Term 1, part 1: A new beginning
The following information has been created in such a way, it highlights what to expect in your first year in University
Life begins anew for you. You’d better:
- sort your accommodation and bank account
- get settled – register and discover student discounts
- meet, greet and make new mates
How’s it all going?
The successful Uni experience is all about balancing different areas of your life. How will you look after your money, get good grades, enjoy an active social life and take care of your health? You begin your first year like this:
- £250 savings in the bank
- Academic score of 2.1 (around 55-64%) based on your pre-Uni grades
- Average social life
- Above average level of health
Congratulations, you’re off to Uni!
Your virtual student bank account is open and you’ll get access to £250 savings and £1000 interest free overdraft (to use not abuse).
Right, first things first. Time to get a roof over your head. Accommodation could cost you half your money, so it’s important to make the right choice. Where you live has a big impact on your living costs. You get a bigger loan if living away from home, but how do the costs balance out?
You’re faced with a choice of home, halls or a shared house. Let’s say you choose to live in halls. It’s £60 per week including bills, and it’s very close to the Uni, so there are no travel costs.
Your total rent for the year will be £1750. That’s £700 for terms 1 and 2 and £350 for term 3.
It’s your first day at Uni. You go to register first.
You get chatting with some other freshers on the way to register. You meet Darren and Sanchia.
Darren tells you about a good idea. He summarises the idea in a text ‘Hey, let’s knock up some food together and split the bill. Cheap nosh means more dosh’.
Wow! The Union’s busy and the facilities look fit for the Hello magazine annual party. You recognise a friend in the crowd. It’s Joe who’s studying architecture. It’s hard to catch what he’s saying in the crowds. Joes says he’ll send you a text.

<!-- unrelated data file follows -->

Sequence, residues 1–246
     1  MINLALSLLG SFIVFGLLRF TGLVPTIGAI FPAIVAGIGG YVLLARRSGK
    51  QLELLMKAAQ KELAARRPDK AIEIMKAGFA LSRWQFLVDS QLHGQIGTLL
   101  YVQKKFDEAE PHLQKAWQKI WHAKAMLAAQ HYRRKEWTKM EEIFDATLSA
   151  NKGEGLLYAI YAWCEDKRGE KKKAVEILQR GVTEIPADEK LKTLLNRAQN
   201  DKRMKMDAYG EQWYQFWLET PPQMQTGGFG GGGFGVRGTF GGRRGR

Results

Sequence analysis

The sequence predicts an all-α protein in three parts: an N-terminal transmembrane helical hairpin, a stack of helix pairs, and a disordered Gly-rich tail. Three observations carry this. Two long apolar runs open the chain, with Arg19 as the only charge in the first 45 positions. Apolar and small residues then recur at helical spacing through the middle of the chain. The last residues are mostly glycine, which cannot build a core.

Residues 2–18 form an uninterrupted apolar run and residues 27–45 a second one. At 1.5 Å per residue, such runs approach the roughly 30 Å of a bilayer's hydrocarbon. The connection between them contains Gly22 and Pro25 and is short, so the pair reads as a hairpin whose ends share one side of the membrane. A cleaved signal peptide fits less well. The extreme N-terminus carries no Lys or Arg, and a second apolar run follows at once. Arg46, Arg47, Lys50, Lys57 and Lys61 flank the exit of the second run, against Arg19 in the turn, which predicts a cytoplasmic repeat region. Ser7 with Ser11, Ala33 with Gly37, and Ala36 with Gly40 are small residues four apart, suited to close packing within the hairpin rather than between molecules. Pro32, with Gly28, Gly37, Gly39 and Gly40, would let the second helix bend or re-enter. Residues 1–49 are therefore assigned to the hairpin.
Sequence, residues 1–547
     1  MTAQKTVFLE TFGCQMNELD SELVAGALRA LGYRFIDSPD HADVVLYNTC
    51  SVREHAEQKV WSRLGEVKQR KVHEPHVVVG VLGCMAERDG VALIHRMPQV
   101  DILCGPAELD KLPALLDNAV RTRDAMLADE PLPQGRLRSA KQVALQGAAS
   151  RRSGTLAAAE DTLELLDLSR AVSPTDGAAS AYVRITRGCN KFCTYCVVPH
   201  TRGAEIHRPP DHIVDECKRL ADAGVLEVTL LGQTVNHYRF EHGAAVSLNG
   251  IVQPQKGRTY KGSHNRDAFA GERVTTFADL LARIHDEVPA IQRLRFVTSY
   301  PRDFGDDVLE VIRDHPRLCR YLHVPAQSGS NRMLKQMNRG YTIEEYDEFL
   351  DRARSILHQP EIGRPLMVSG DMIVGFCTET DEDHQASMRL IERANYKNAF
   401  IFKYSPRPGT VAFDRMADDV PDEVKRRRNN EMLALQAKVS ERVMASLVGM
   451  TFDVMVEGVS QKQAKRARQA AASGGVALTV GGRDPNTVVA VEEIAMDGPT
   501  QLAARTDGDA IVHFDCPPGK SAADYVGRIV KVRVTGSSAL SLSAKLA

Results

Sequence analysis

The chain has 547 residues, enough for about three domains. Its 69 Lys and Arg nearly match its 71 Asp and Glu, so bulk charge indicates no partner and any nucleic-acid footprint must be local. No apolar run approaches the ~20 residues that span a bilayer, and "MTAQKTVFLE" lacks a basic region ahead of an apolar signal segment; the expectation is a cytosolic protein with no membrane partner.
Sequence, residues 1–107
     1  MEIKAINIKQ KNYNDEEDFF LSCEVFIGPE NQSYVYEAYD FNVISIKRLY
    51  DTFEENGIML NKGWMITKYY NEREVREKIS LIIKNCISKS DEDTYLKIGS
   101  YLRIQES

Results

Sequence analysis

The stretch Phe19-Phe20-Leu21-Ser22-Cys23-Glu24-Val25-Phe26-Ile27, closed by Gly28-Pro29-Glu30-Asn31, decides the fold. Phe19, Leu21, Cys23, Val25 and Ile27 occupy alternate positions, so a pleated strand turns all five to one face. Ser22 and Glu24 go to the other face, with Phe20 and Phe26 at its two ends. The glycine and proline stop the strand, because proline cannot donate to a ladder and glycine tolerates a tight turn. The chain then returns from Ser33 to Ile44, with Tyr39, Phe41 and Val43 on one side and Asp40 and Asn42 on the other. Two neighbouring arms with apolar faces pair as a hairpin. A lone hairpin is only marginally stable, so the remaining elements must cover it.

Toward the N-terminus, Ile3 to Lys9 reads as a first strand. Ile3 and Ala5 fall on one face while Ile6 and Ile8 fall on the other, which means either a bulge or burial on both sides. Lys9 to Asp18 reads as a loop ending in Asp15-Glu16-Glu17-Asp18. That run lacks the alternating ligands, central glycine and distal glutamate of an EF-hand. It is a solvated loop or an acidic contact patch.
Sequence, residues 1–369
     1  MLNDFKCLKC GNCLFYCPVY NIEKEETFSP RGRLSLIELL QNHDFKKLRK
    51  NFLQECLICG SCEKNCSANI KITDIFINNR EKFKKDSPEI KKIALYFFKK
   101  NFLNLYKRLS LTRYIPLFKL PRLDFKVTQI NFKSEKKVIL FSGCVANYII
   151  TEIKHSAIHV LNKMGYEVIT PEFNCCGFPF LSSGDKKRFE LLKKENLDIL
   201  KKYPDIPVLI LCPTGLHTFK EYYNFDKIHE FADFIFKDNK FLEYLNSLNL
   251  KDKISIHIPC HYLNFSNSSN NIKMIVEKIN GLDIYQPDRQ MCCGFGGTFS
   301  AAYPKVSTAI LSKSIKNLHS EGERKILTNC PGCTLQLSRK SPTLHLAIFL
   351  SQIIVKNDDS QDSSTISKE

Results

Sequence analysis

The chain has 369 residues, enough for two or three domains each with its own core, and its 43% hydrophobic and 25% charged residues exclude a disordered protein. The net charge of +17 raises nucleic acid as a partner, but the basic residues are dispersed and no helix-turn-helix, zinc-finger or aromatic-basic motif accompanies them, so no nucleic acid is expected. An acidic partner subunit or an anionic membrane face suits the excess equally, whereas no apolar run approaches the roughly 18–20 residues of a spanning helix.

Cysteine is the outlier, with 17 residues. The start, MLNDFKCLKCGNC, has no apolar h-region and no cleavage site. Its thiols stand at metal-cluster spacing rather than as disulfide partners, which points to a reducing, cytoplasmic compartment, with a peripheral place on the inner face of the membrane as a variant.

- Mobile message. These NUS cards are great, let’s ask for a discount everywhere, some shops don’t shout about it. Joe.
Next you go and check if your student loan’s hit your account yet.
Cheque it out
At the bank you find that the money’s not in yet so you look at your budget, and try not to panic.
- Mobile message. I’ve already chosen my account. I went for the one with the best freebies. I’m going to need the overdraft facility I think, back to the bank for me. Sanchia.
Oh well, at least you’ve got a cheque book. You go and register with the doc and dentist, which is a top idea. You never know when you might need the doc. In fact, you’re not feeling so good right now.
As you leave the bank you see Joe. His household income is £14,000. So he gets a lot of financial help.
You’re checking out campus when you meet Lucy. She asks you where the Student Union is. She’s studying architecture with Mike, she’s deaf and he’s been helpful with registering.
You walk Lucy to the Union but your head’s in a spin. Fresher’s Fair is in the air. All those forms at registration have wiped you out, so you ask Sarah to join you for a nice warm cuppa.
After a long week of induction, you wake up with a headache, but you’re still feeling flush. You’re making a good start with your savings.
You keep being good by finding out how to use your internet banking. Your friendly but firm new Student Adviser shows you how to bank online. You’re relieved. It’s actually pretty easy.
More money, more problems
There’s so much going on, your head’s spinning, and it’s only midday. So you cane that student discount card and decide you’ll cook up a storm of a gourmet meal tonight.
The student card is ace! You can save loads on everything from clothes to cinema tickets. You buy some serious grub for tonight’s slap up meal.
- Mobile message. My sis used to call home each week so if she rang to ask for money, folks didn’t feel used and she didn’t feel bad. Crisis averted. Sanchia.
Whatever happens, you’re not going to starve, they sell dented tins of beans for 15 pence at the supermarket! You consult with Sarah – her culinary skills come close to Delia’s.
- Mobile message. I’m making a shopping list, then I’ll know exactly what I want so won’t waste cash on things I don’t need. Sarah.
Tired and emotional
It’s been an exhausting time, but you head to the Union. Tomorrow you’ve got to crack on with work and soon you’ll need to sort out this term’s budget.
How’s it going?
It’s been a busy first half of your first term. Let’s look at how you’re doing?
You have £231 left of your savings of £250. That’s great but you’ll need to save more each week to stay afloat. Keeping an eye on your balance can stop you going over your overdraft limit.
You haven’t started studying yet so your academic performance can’t be measured.
Your social life is average. You’re not setting the world alight but you’re not friendless either. Your health is not bad and you don’t have time to become a sporting champ but get some decent exercise and work up a sweat.